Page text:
Priapism in the United States: The changing role of sickle cell disease

Kristin L. Chrouser, Onaopemipo B. Ajiboye, Tolulope A. Oyetunji, David C. Chang

Research output: Contribution to journalArticlepeer-review

15 Scopus citations

Abstract

Background Few patients with priapism require inpatient management unless they are refractory to intracavernosal therapy. Their risk factors and outcomes are poorly characterized. Methods This is a retrospective analysis of the Nationwide Inpatient Sample (19982006). Priapism patients were identified and analyzed over time by age, race, sickle-cell disease diagnosis, drug abuse, and penile operations. Results A total of 4,237 hospitalizations for priapism were identified (30% white, 61.1% black, and 6.3% Hispanics). There was an increasing incidence of priapism over time, concentrated in the middle-age group. There were 1,776 patients (41.9%) with diagnoses of sickle-cell disease, with decreasing proportions over time. Drug abuse was reported in 7.9%. Conclusions Inpatient diagnoses of priapism are increasing over time with relatively constant numbers of sickle-cell disease patients, suggesting rising nonhematologic causes of priapism. One theory is that increasing use of aggressive therapies for erectile dysfunction might play a role, especially when combined with drug abuse.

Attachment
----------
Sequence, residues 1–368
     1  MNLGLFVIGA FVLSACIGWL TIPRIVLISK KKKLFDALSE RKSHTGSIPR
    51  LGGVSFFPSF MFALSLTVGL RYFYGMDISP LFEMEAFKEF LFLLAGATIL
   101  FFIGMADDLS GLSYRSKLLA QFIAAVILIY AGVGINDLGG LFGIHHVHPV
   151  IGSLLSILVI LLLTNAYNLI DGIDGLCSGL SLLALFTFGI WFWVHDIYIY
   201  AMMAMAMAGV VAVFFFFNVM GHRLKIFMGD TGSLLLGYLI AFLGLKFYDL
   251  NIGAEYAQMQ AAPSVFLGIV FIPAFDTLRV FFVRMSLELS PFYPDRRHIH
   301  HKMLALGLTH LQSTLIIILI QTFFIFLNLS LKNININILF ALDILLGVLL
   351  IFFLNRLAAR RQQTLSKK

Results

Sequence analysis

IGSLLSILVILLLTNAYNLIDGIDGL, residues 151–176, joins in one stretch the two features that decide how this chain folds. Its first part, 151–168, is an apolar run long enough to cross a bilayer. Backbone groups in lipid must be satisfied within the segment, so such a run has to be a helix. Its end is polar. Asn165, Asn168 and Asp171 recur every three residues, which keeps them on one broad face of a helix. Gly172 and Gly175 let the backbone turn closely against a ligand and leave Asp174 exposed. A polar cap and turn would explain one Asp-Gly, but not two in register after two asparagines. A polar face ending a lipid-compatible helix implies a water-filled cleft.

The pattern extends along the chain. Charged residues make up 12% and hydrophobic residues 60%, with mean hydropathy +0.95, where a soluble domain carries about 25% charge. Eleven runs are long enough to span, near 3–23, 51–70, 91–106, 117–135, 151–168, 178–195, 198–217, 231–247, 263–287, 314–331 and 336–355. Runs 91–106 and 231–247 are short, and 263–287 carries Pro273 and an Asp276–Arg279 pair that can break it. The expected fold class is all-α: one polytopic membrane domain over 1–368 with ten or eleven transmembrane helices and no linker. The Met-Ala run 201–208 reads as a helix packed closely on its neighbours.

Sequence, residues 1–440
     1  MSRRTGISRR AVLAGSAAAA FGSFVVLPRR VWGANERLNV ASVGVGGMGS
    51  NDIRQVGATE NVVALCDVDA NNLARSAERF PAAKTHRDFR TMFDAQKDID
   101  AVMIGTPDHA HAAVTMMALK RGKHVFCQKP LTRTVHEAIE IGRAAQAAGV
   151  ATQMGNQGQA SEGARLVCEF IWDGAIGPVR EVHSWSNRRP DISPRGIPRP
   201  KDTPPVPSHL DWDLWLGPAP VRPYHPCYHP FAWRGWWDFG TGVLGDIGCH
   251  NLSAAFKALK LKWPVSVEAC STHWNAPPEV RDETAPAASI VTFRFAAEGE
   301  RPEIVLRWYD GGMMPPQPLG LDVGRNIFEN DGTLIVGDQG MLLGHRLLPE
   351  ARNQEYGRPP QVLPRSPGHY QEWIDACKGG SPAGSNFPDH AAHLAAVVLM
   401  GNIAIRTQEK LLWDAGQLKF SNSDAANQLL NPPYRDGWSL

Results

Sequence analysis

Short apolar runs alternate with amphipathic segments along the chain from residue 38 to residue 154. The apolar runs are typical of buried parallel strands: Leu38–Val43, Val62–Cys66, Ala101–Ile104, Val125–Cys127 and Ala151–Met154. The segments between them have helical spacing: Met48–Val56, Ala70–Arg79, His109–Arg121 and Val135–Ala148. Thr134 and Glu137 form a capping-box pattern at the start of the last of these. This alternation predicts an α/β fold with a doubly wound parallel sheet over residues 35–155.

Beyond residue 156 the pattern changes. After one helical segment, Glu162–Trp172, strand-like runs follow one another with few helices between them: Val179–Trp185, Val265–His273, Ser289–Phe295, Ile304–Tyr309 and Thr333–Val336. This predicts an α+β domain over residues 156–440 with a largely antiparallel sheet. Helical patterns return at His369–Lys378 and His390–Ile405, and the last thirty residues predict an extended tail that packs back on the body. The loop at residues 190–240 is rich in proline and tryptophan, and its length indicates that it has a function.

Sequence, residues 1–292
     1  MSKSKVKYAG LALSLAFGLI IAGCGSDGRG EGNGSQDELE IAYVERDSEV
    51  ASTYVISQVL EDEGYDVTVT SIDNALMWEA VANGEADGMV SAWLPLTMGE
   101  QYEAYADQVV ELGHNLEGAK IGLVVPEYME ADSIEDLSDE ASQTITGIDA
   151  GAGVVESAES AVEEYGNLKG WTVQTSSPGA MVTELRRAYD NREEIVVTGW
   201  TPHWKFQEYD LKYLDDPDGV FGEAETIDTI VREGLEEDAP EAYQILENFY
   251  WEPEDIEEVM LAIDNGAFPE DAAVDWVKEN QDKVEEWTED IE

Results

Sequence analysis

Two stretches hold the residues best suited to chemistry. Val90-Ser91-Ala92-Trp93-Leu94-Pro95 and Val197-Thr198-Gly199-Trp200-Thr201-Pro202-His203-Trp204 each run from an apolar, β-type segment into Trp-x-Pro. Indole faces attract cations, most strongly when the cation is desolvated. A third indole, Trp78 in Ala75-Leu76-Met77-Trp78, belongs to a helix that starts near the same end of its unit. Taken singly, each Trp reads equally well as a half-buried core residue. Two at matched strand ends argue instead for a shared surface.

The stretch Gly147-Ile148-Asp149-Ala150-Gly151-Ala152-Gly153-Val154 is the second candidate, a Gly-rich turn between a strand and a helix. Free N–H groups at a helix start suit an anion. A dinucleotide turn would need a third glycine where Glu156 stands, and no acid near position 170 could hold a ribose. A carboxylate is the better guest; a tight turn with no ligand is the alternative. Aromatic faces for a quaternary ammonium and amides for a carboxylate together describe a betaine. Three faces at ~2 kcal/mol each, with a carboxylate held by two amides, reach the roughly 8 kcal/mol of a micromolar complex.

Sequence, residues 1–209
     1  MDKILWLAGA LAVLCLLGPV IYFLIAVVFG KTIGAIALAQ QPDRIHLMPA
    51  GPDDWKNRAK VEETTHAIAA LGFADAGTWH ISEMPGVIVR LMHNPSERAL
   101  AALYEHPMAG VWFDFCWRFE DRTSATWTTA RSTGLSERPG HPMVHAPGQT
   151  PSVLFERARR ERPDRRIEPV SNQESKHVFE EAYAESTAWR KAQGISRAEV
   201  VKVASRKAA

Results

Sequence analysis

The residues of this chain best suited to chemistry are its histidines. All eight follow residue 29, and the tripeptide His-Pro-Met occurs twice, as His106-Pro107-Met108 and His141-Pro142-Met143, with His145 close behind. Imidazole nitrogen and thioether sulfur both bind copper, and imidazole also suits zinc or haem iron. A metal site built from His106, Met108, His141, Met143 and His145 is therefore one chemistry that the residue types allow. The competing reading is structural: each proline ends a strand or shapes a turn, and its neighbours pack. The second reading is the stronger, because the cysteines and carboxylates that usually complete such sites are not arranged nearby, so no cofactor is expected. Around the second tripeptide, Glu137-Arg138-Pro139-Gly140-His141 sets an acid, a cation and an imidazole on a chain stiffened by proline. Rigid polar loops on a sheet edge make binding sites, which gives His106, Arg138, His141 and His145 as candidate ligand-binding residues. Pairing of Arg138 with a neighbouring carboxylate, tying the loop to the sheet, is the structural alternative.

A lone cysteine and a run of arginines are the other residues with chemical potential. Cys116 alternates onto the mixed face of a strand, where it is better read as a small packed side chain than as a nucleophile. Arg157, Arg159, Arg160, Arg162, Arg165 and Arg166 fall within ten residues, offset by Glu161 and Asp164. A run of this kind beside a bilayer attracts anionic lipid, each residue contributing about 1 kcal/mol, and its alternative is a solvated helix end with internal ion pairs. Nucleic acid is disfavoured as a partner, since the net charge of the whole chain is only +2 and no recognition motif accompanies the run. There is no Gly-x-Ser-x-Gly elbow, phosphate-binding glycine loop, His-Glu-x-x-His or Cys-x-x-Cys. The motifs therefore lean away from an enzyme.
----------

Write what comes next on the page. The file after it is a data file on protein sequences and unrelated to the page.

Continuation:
Original languageEnglish (US)
Pages (from-to)468-474
Number of pages7
JournalAmerican Journal of Surgery
Volume201
Issue number4
DOIs
StatePublished - Apr 1 2011

Keywords

  • Epidemiology
  • Keywords
  • Priapism
  • Sickle-cell disease Nationwide Inpatient Sample

ASJC Scopus subject areas

  • Surgery

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